HDL metabolism and CETP inhibition

Rakhi Shah Barkowski, William H Frishman
Cardiology in Review 2008, 16 (3): 154-62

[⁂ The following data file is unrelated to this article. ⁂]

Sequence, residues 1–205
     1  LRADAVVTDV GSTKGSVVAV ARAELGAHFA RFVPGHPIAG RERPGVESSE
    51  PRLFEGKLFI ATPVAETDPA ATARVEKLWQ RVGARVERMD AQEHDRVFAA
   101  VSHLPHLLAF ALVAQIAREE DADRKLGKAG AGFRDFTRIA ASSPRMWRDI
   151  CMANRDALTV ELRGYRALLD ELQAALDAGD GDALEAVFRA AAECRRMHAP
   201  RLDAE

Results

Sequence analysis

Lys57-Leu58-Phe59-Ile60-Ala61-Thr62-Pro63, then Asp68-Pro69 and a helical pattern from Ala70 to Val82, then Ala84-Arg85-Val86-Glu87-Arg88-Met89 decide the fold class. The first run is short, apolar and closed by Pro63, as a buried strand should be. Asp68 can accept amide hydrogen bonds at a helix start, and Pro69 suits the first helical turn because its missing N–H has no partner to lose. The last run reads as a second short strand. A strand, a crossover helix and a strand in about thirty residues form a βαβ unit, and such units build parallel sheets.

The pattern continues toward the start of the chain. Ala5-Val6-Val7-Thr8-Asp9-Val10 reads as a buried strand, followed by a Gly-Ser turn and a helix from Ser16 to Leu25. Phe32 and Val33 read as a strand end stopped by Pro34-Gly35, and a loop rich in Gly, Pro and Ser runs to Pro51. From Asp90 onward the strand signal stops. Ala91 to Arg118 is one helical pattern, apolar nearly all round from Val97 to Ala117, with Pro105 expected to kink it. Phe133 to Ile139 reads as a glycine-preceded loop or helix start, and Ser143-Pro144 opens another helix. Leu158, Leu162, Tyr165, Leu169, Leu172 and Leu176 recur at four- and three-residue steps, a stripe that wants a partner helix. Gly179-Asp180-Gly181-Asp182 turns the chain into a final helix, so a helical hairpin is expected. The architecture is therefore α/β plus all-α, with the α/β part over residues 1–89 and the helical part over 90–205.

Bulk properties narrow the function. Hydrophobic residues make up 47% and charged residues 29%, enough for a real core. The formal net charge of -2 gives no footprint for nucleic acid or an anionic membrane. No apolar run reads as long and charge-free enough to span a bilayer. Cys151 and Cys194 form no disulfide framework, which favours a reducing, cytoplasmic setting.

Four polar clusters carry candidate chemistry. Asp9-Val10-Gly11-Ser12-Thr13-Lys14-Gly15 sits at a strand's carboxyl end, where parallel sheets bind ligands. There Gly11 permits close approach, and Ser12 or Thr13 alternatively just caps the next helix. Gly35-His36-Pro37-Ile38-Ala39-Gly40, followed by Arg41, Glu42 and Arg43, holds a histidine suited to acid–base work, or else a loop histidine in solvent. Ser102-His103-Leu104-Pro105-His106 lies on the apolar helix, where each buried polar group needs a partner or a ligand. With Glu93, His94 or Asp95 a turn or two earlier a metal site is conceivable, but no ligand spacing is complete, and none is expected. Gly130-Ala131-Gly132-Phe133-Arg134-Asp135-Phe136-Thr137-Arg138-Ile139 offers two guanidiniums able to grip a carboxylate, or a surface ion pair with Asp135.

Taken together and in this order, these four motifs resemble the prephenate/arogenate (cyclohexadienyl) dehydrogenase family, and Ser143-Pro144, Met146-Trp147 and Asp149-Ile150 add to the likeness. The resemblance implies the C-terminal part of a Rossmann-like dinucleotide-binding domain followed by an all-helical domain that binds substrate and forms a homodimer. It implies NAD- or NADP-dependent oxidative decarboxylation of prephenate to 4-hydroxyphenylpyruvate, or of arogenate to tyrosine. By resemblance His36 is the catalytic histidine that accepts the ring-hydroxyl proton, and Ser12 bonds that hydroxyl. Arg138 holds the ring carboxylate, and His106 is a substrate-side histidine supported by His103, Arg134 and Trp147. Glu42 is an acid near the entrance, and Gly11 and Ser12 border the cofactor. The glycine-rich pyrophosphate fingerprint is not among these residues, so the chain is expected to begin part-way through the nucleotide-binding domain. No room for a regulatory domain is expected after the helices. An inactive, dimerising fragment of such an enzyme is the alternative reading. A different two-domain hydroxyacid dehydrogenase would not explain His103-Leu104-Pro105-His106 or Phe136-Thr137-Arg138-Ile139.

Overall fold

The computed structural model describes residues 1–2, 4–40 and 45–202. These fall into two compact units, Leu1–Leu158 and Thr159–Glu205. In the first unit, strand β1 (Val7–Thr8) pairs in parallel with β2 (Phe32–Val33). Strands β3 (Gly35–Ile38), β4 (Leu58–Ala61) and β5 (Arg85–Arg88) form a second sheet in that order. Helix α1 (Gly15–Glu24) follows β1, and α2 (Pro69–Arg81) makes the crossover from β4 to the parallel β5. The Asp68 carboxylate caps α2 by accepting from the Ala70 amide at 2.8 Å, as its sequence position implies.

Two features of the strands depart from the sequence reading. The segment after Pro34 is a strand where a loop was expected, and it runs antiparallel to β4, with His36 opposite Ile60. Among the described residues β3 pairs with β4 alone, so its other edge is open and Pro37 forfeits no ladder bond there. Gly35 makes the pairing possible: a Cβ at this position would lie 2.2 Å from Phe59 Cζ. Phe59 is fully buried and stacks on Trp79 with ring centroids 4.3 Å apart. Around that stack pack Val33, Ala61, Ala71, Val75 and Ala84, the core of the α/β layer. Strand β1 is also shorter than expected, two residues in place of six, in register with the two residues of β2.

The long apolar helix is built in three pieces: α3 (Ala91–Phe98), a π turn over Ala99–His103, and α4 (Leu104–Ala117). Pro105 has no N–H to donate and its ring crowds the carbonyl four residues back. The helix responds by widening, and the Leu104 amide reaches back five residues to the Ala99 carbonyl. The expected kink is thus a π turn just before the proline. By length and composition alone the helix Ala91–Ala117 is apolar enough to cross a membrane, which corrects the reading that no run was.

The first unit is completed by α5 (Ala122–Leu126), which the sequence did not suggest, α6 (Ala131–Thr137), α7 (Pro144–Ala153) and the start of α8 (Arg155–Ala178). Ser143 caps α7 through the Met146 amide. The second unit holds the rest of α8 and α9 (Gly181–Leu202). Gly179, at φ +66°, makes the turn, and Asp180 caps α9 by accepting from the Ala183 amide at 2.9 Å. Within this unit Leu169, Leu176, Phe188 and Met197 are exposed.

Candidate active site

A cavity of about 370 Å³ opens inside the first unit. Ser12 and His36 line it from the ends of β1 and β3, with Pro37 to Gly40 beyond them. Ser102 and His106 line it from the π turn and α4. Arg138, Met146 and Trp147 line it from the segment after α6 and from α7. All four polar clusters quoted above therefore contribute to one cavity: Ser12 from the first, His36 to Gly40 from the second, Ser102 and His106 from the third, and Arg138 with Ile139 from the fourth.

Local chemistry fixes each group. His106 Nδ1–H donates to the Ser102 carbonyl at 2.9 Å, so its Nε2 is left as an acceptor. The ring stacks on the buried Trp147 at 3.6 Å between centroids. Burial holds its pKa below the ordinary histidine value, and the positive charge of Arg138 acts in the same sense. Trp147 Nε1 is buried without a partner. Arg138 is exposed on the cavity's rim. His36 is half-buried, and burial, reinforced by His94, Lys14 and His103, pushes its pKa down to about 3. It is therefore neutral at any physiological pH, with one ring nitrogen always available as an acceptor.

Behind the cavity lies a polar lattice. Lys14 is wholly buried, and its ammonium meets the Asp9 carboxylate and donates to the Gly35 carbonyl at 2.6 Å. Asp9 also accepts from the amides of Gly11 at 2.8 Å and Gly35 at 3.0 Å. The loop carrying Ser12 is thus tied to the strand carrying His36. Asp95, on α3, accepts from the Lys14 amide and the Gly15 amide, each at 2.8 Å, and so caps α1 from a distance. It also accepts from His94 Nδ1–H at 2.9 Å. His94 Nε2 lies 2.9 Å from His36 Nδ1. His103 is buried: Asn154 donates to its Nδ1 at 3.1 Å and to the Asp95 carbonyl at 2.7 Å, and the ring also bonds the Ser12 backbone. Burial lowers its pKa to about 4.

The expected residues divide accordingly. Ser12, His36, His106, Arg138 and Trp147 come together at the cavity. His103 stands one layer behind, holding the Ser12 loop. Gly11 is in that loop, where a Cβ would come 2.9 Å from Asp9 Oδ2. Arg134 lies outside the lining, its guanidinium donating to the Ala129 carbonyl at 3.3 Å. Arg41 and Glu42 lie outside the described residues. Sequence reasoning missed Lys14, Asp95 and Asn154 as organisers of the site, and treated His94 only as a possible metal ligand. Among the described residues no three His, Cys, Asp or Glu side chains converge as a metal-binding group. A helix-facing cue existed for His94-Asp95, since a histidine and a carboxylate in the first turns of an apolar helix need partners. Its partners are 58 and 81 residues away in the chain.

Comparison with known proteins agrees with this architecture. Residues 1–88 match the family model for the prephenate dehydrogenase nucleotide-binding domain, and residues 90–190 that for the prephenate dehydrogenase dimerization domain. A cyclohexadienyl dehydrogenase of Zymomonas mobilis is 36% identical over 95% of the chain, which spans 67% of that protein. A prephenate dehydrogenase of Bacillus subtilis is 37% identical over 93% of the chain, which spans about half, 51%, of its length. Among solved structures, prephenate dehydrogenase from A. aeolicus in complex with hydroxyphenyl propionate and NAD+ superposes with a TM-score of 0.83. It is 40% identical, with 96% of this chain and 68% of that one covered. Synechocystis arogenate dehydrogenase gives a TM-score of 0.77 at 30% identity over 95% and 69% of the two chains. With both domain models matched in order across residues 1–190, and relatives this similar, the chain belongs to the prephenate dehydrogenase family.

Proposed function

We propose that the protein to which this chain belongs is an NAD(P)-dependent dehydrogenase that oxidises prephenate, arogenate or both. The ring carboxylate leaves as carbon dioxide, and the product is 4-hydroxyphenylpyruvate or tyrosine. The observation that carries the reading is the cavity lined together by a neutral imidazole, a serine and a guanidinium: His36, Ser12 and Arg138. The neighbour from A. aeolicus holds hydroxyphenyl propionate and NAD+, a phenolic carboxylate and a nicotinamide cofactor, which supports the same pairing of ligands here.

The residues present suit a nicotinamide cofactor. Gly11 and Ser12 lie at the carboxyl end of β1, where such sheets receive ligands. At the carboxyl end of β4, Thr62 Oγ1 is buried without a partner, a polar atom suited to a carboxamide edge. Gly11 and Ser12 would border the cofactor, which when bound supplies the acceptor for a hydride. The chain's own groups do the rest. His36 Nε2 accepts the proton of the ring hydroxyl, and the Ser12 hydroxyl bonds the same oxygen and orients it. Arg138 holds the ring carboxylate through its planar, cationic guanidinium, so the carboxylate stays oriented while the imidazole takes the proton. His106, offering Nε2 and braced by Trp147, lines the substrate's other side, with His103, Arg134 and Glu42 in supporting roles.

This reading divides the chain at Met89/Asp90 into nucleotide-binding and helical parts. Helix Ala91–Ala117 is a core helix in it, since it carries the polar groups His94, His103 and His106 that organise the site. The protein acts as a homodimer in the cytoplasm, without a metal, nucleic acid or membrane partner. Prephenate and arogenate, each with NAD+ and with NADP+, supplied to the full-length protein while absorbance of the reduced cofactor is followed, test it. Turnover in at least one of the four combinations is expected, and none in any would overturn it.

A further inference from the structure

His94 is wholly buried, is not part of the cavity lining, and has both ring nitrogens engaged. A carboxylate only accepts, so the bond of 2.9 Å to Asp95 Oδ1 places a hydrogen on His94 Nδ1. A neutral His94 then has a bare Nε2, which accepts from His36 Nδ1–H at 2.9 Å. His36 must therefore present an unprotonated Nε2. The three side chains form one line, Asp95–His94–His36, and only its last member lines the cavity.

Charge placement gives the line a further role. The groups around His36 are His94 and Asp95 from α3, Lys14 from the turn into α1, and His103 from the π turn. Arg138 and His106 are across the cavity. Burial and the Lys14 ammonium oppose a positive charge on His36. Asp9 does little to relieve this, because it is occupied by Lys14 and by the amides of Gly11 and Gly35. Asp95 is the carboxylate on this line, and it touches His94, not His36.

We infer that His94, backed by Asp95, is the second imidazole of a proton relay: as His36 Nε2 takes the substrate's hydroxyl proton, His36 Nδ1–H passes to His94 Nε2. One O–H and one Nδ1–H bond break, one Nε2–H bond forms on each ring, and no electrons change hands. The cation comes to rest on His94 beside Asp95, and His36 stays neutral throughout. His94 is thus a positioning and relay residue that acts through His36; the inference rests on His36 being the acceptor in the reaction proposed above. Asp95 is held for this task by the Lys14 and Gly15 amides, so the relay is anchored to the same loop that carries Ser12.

High density lipoprotein-cholesterol (HDL-C) concentration in the blood is independently and inversely associated with an increased risk of coronary heart disease. Some of the cholesterol-lowering drugs (niacin, fibrates, and statins) incidentally raise HDL-C. These drugs are not effective in causing major changes in HDL-C. Since the discovery of human genetic cholesteryl ester transfer protein (CETP) deficiency in a Japanese population with high levels of HDL-C and apolipoprotein A-I, CETP inhibition has become a novel strategy for raising HDL-C in humans. Mice, a species naturally lacking CETP, were transduced with the human CETP gene, which resulted in dose-related reductions in HDL-C. Rabbits, a species with naturally high levels of CETP, were fed a synthetic CETP inhibitor, JTT-705, leading to both a 90% increase in HDL-C and a 70% reduction in aortic atherosclerotic lesion area. Human intervention trials with a new potent and selective CETP inhibitor, torcetrapib, have taken place. In a phase I multidose trial, HDL-C increased by 91% with torcetrapib 120 mg twice daily. A phase II trial conducted with multiple combinations of torcetrapib and atorvastatin showed that the combination was well tolerated and doses 30 mg and higher of torcetrapib caused 8.3-40.2% changes from baseline HDL-C across the dose range of atorvastatin at 12 weeks. Recently the phase III clinical trial ILLUMINATE (Investigation of Lipid Level Management to Understand its Impact in Atherosclerotic Events) was prematurely terminated because of an increase in mortality in the torcetrapib/atorvastatin treatment arm compared with atorvastatin used alone. In companion studies no improvement in carotid or coronary atherosclerosis could be detected in patients treated with the torcetrapib/atorvastatin combination despite favorable changes in both low density lipoprotein (LDL)- and HDL-cholesterol levels. The future for CETP inhibition with drug therapy is now unclear, and must include a closer look at CETP inhibitor's effects on blood pressure and HDL itself. Accordingly, it was recently shown in 2 double-blind, placebo-controlled, randomized, phase I studies with the CETP inhibitor anacetrapib in healthy individuals and in patients with dyslipidemias that the drug increased HDL and reduced LDL, while having no effect on blood pressure.

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